Why It’s Important to Realize that Addicted People Are Wounded People

Why It’s Important to Realize that Addicted People Are Wounded People

When you understand the depth of someone’s wounds, then you can see him from a different perspective

In the past, addicts have been portrayed negatively. Some people see addicts as selfish people who do not care about the needs of those they hurt; other people see addicts as moral inferiors who choose low ethical path; still others view addicts as helplessly incurable, beyond the ability to help. However, as addiction science has grown, recovery specialists have learned that most addicts have wounds that need emotional and sometimes physical healing. The pain of past mistakes, trauma or abuse often create deep emotional wounds that many addicts try to numb with drugs rather than addressing through treatment. Knowing this information can help people who love, work with or treat addicts be more understanding.

If you understand that addicts are wounded people, then you may experience the following benefits:

  • A different perspective. When you understand the depth of someone’s wounds, then you can see him from a different perspective. Rather than seeing him as a selfish, self-centered drug user who is oblivious to the pain he causes, you can see him as a hurting person who is using drugs to numb his pain. He is not trying to cause pain, but rather to escape his own.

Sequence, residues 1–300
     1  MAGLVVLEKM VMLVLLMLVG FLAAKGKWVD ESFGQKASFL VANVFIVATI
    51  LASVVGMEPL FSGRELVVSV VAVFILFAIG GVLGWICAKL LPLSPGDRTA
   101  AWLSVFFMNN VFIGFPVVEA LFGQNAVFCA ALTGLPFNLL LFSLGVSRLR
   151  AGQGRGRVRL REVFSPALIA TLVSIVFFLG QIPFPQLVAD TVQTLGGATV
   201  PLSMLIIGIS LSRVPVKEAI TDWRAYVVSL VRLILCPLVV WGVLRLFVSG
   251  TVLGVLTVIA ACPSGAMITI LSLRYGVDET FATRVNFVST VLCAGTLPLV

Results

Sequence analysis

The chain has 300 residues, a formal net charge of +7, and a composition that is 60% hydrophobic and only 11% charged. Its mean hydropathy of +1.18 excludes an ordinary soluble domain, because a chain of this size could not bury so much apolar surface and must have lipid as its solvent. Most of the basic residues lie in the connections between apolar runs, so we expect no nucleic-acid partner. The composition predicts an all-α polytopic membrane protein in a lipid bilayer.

• Greater patience. Seeing an addict as a wounded person can yield an extra measure of grace when someone makes mistakes. Understanding a person’s history or current situation may elicit empathy, which helps you resist the temptation to lash out in frustration.
  • Stronger empathy. You may have had a judgmental attitude toward addicts before knowing that addicts are wounded people—you may have thought addicts had poor self-control or that they lacked moral fiber. However, seeing how an addict’s wounds occurred may force you to recognize those same wounds in your own life. You can readily relate to drug users if you have been on similar paths.

Knowing that a friend or loved one is using drugs to avoid dealing with deep wounds may help you move beyond judgment to mercy. You will recognize the humanity that you both share, as well as the fact that all people—sober and addicts alike—share a universal need for love and acceptance. With the right understanding, you can help drug users get and stay clean.

Get Help for Your Addiction

If you or a loved one is trying to cover up deep wounds with drug abuse, we can help you quit. Call our toll-free, 24 hour helpline anytime to talk with one of our admissions coordinators about addiction. Together, you and the coordinator can determine the best type of treatment for your unique needs. Our staff can also help you find a treatment center that focuses on your particular hurt, whether it is abuse or grief. Healing starts when you make that call, so start on that path today.

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